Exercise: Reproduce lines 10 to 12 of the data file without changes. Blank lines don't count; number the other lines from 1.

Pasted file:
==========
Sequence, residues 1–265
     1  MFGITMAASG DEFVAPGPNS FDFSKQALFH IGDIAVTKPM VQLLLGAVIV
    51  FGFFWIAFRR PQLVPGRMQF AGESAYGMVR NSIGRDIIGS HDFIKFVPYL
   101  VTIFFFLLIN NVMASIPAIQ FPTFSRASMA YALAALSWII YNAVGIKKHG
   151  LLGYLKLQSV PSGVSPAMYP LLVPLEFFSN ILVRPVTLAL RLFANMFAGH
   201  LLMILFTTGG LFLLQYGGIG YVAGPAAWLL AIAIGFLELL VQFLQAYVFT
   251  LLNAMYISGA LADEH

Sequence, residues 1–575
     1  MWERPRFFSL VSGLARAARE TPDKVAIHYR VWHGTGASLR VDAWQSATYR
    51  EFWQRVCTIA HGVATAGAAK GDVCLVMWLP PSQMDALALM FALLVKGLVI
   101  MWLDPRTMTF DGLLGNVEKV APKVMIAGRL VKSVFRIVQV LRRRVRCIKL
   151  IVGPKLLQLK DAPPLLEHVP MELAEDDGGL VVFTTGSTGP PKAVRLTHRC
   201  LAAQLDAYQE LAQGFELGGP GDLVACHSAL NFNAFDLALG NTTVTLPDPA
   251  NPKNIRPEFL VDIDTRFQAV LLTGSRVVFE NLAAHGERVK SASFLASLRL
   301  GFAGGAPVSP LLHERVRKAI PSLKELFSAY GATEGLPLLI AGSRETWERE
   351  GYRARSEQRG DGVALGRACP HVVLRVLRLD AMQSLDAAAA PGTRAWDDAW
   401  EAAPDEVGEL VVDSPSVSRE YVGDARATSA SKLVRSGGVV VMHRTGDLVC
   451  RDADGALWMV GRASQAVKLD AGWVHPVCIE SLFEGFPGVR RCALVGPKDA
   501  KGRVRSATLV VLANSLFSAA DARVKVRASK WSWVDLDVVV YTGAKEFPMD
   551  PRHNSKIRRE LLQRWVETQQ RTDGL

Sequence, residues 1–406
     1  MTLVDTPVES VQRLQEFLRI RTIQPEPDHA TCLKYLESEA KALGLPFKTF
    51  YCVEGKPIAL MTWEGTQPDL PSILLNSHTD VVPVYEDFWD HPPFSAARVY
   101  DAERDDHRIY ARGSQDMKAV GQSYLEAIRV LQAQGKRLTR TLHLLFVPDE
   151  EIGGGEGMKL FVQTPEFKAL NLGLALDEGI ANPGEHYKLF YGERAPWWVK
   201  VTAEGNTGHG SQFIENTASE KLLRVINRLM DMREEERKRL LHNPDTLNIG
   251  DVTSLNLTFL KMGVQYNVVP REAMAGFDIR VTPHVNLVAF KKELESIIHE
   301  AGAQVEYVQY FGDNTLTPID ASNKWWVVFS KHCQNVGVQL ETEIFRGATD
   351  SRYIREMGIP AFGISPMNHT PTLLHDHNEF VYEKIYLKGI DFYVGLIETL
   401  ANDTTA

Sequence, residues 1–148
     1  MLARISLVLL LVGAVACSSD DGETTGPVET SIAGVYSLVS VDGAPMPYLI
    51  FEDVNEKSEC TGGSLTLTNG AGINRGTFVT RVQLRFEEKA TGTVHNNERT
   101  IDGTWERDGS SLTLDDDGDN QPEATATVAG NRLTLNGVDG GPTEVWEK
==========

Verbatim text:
    51  EFWQRVCTIA HGVATAGAAK GDVCLVMWLP PSQMDALALM FALLVKGLVI
   101  MWLDPRTMTF DGLLGNVEKV APKVMIAGRL VKSVFRIVQV LRRRVRCIKL
   151  IVGPKLLQLK DAPPLLEHVP MELAEDDGGL VVFTTGSTGP PKAVRLTHRC